Mother’s Day turned out to a perfect time for this annual outing hosted by Saugeen Nature. Two young families joined members Nikki May and Susan Clarkson at the East Parking Lot of Kinghurst Nature Reserve.
The first part of the trail meanders through a mature pine plantation that had been thinned a few years before. Young hardwoods were springing up everywhere, and on the ground some of the spring ephemerals had gained a toehold. There were many patches of Trout Lily, with a few blooms here and there, some purple Dog Violets added a touch of purple to the palette.
The trail through the pine plantation ends at a grassland with a large wetland to the east. A wide variety of bird species were seen and/or heard in this area, including Tree Swallows, Common Snipe, Baltimore Orioles, and Bluebirds. After a pleasant walk across the grasslands where we noted Pussytoes, Mouse Ear Hawkweed, and Downy Serviceberry, the group arrived at the edge of the hardwood forest that is a key feature of the Kinghurst Nature Reserve. Ms. May pointed out the young maples growing up everywhere at the edge of the forest, where they had seeded themselves into the meadow. Given enough time without management interventions, the meadows would return to their original hardwood forest and the grassland species would be replaced by woodland plants..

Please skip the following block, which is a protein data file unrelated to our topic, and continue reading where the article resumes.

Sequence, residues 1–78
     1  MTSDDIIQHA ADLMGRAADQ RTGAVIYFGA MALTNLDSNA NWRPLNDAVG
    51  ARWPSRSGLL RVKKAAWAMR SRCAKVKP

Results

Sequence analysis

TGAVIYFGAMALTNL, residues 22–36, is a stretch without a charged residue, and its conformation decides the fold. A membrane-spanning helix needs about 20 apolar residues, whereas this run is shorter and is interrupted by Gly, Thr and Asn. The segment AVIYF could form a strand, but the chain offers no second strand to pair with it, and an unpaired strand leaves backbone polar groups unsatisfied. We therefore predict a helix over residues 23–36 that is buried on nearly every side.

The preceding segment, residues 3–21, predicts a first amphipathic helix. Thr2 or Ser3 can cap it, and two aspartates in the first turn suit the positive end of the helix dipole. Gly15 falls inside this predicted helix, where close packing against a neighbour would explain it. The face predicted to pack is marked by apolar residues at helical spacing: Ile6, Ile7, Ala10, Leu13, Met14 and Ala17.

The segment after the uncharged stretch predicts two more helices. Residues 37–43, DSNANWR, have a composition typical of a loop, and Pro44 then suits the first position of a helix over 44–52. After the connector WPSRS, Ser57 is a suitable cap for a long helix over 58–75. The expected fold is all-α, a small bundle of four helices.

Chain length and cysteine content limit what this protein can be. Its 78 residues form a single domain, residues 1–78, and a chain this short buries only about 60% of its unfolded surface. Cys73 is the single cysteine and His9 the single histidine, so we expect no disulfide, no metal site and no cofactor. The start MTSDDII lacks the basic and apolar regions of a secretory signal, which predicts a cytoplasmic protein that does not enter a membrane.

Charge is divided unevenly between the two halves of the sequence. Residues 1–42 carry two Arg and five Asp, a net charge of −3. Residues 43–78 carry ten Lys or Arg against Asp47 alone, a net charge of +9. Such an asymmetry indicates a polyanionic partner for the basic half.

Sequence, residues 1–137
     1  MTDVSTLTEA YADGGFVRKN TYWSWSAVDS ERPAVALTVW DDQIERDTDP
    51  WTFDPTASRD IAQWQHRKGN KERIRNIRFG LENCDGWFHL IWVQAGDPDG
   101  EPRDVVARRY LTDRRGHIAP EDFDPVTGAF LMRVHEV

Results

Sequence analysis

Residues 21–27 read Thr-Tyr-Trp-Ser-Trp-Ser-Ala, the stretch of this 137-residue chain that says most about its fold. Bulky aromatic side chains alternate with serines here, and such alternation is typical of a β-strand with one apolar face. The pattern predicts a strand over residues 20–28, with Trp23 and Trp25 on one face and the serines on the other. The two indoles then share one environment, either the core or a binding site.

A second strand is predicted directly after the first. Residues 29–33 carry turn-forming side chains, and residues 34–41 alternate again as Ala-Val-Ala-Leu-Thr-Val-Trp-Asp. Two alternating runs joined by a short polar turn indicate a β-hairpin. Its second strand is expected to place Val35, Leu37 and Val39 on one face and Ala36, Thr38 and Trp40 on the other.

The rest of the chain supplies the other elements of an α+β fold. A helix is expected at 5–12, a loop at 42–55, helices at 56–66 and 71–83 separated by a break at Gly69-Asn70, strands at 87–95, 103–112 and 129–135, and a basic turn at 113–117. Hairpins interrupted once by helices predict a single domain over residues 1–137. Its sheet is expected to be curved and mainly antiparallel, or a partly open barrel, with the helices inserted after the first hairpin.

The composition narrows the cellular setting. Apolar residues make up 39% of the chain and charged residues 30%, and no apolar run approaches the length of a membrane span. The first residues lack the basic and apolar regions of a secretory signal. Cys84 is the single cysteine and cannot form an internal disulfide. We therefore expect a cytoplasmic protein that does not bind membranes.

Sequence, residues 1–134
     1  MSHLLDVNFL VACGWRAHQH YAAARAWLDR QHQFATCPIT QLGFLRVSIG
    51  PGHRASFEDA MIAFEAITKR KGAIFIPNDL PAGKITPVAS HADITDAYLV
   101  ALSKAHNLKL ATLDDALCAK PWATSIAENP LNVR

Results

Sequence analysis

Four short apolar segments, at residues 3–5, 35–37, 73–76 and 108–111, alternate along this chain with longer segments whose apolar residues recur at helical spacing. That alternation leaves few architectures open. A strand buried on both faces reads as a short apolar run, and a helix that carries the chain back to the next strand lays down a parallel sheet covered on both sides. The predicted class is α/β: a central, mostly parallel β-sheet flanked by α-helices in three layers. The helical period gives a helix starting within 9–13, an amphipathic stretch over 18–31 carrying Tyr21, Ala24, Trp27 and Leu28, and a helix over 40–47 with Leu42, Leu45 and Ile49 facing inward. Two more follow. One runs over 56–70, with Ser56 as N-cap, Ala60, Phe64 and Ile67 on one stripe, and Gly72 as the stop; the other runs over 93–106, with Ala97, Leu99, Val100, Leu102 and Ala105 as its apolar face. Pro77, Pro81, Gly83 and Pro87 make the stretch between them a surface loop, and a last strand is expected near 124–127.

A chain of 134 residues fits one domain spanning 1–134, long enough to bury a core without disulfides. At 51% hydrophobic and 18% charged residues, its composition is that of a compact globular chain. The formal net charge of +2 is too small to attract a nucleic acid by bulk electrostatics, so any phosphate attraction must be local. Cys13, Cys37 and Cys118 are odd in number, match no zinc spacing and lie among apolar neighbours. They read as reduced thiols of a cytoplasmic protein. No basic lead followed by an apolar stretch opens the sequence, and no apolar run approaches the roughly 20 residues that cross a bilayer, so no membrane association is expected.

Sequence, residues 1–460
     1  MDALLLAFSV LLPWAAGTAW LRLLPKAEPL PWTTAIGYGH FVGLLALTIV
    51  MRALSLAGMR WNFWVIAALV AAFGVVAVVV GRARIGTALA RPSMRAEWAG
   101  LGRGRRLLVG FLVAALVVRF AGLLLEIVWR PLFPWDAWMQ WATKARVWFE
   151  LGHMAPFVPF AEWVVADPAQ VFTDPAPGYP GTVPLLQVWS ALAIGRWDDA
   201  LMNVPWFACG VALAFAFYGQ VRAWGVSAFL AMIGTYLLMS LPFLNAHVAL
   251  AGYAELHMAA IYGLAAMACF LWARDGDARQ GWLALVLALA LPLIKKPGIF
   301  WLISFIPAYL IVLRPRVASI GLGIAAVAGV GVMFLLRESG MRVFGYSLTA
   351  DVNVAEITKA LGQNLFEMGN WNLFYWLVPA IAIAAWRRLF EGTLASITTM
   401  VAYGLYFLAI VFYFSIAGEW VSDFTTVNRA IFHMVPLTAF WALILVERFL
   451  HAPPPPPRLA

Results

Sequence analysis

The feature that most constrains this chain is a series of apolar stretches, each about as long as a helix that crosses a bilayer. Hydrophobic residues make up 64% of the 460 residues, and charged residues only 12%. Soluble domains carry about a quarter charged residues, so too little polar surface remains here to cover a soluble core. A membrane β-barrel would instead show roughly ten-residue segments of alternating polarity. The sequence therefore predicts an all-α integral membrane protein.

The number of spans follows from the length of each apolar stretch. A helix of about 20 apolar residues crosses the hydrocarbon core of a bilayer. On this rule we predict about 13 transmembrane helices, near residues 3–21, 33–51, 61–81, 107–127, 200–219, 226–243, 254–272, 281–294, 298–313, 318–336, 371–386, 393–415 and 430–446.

Once inside the hardwood forest, the group looked up at the canopy and discussed the reason why the spring flowers choose this time to bloom so profusely. They are taking advantage of the light that reaches the forest floor before the leaves come out and block most of the sunlight. And profuse bloom is the right description. Everywhere you look around, the forest floor in this mature woodland is rich with a wide variety of wildflowers. Trilliums dominate in many places because they are a relatively large plant and bloom for a significant length of time. A rare curiosity that we noted was a 4- leaved, 4 petalled Trillium, located near the fork in the trail.
Photo by Jerry Asling
Hepatica, with its white, pink and pastel blue flowers is almost totally gone by mid-May, but the yellow Trout Lilies were still profusely blooming on the rich forest floor. Common Toothwort and Cut-leaved Toothwort were also in full bloom on Mother’s day, while Caroline Beauty with its tiny flowers could be found here and there among the leaf litter. Blue Cohosh, with its small purple and yellow flowers was everywhere we looked.
These are just a few of the flowers that we saw on Mother’s Day. Others like Red and White Baneberry, Solomon’s Seal, and Jack in the Pulpit had yet to reach their full maturity, leaving the opportunity to see these and other flowers on a future visit.
The families enjoyed the stroll through the woods and some were fascinated by the flowers while others were more interested in the many birds that call Kinghurst home. Saugeen Nature hosts many events at Kinghurst throughout the year. Check our website at www.saugeenfieldnaturalists.com to find out details of other outings.
Submitted by Nikki May